Nuisance Code “beefed up” for backyard chicken regulation

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Backyard livestock keeping practices can remain largely unchanged under new regulations adopted following months of research, public testimony, and community outreach.

Tigard City Council members, during a Nov. 1 meeting, voted 4-1 in favor of accepting city planners’ recommendation to “beef up” the existing nuisance code that governs livestock ownership by adding several lines directly pertaining to animals.

“In the spirit of requiring cleanliness without writing overly prescriptive or bureaucratic regulations (the new rules) require all feed to be in lidded containers and all livestock to be in enclosed shelters overnight,” Tigard Community Development Planner Hope Pollard said.

The enhanced directive additionally bans roosters, requires animal owners to quickly seek medical care for sick animals, and sets in motion the creation of a resource page that will provide educational materials for would-be and current urban farmers. It does not cap the number of animals per property.

“We believe that education rather than regulation is the appropriate path forward for addressing the finer points of livestock keeping,” Pollard said.

The change comes after months of research and public engagement, during which the city received more than 100 emails and calls on the topic.

Pollard and her team hosted open houses in June and September to gather input and collect community feedback on draft proposals.

They presented three possible courses of action to City Council during an Oct. 17 meeting: the minimalist “tier 1” approach would have made no changes, a moderate approach “tier 2,” which added the new specifications, and a tightly prescriptive “tier 3” approach, which would have banned keeping certain large animals such as horses and capped small animal ownership at six chickens, six rabbits, and three goats, but included a provision allowing the experienced owners to exceed those limits.

Planners endorsed the middle path.

In response to early sentiment favoring tight regulation, Pollard’s team examined practices from other jurisdictions, and consulted with expert researchers from Portland Community College, the Oregon Department of Agriculture, and the Tualatin Soil and Water Conservation District to guide and first-draft proposal that “we felt at the time did a really good job of blending community input and research,” she said.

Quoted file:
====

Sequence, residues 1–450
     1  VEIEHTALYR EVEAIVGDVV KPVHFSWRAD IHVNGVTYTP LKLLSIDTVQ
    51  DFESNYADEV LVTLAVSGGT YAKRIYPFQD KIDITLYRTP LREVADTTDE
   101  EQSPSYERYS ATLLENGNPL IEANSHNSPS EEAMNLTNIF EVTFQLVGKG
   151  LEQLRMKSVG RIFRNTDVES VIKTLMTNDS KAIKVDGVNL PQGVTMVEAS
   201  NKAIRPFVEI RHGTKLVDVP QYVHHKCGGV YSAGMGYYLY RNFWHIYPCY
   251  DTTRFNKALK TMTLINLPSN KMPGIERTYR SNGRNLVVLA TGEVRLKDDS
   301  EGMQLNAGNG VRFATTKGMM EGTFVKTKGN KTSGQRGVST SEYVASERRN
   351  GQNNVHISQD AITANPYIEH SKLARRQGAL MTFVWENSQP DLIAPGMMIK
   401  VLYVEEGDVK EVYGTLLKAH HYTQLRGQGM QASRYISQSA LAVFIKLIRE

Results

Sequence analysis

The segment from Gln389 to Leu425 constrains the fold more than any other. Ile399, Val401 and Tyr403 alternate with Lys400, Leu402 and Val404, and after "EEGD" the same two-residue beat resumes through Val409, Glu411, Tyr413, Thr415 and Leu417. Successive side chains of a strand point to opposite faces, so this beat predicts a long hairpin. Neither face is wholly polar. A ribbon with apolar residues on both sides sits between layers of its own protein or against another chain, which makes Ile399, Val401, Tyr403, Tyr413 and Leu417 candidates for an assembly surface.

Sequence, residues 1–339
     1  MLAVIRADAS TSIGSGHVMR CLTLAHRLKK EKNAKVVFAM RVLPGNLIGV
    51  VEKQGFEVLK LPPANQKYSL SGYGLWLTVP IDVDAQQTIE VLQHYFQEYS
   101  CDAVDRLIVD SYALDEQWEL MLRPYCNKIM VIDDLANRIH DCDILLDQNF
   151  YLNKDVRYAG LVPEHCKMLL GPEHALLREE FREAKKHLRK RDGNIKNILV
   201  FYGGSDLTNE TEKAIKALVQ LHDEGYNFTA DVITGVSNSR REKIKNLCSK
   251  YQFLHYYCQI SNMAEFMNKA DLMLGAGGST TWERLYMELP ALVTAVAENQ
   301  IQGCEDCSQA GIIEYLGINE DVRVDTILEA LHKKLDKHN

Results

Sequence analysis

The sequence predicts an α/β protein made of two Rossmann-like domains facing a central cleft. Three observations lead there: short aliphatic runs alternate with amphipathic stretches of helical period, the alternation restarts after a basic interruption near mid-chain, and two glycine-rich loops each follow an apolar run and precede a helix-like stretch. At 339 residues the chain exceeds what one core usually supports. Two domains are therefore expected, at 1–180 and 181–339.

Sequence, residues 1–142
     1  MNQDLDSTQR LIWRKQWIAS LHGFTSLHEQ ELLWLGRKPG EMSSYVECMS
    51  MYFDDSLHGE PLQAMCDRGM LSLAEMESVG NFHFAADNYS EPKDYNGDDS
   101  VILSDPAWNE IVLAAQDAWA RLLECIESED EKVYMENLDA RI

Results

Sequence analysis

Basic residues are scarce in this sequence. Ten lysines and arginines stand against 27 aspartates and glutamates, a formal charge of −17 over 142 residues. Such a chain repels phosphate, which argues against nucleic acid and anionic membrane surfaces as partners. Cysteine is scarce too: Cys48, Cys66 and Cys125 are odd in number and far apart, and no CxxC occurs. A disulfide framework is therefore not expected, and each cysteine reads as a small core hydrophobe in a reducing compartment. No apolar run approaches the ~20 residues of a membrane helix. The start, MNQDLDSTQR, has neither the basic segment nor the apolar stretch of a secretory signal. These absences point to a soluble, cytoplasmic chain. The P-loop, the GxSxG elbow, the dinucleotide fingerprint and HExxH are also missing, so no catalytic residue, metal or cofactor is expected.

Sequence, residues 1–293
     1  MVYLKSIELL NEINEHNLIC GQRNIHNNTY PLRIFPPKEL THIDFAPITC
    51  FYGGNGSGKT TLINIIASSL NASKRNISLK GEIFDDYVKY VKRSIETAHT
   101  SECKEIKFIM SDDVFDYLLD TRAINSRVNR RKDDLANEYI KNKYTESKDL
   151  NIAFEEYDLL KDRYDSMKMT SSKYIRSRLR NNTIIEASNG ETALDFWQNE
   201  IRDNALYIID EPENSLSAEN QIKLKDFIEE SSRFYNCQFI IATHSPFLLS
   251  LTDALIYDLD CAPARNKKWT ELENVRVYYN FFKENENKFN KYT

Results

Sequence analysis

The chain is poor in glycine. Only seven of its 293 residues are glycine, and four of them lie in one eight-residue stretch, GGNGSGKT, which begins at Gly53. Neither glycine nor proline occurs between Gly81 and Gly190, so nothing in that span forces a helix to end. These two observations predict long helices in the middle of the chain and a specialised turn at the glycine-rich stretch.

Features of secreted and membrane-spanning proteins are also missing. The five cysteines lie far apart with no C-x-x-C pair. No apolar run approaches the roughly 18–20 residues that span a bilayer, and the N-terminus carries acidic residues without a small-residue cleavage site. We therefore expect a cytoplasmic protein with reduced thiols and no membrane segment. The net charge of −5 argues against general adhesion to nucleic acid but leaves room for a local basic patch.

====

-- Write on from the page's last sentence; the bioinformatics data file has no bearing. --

At a second open house held at Tigard Library in late September, planners unveiled the proposal in a series of posters, maps, and graphs, and gave visitors space to comment, critique, or write suggestions on sticky notes they could attach to each display.

A majority of the 22 attendees found the proposed changes to be overreaching.

By then, public sentiment had already shifted to calls for maintaining the existing system. Pollard pivoted with the input.

“We reminded ourselves that our reason for writing these regulations is to mitigate potential nuisances and hazards associated with an activity that we otherwise see as providing a community benefit,” she said.

Tigard has exclusively used the nuisance code – which limits noise and prohibits conditions that could attract insects and rodents – to govern backyard chickens, ducks, goats, and other farm animals since 2018, when previous language about the placement of chicken coops was dropped.

In that time, the city has received just six complaints related to farm animals.

Though the number is small, Councilor Liz Newton, who cast the sole dissenting vote, voiced reservations about a structure that places the onus of compliance enforcement on neighbors who may be hesitant to report violations.

“Implementing it that way makes me a little nervous,” Newton said, raising questions about how education will be provided and accessed. “It’s not that I’m not supportive of backyard chickens and ducks. I just am a little bit concerned about how this might roll out.”

Mayor Jason Snider advised the incoming mayor and new City Council to revisit the topic annually for three years to ensure the regulations are sufficient.

The city handles complaints by investigating the property in question. When violations are discovered, property owners are issued a citation that provides instructions for correcting the issue and time to make the changes.

Tigard’s livestock regulation practices came into question in early 2022, when Tigard resident Roger Potthoff filed a nuisance complaint against his SW Anne Street neighbors, alleging their urban farm was attracting rodents and repeatedly approached City Council with calls for tighter regulation.      

Dozens of neighbors rallied around Elizabeth Sprague and her family, responding with letters and testimony calling the Spragues and their bustling little homestead a jewel in their neighborhood.

“Our way of life and the way we choose to use our property is everything to us and has a positive impact on the community,” Sprague said of the chickens, ducks, goats, and expansive garden that help to feed her large multi-generational household and their neighbors.

Sprague, who is a proponent of education over one-size-fits-all style regulation, was satisfied with the outcome, praising Pollard’s thorough exploration and responsiveness to community feedback.

“Hope and her team have done a wonderful job listening to all sides, being transparent, doing their research, and reaching out to experts,” she said. “The three-tier approach shows their creative thinking and dedication to finding a solution that addresses everybody’s concerns.”

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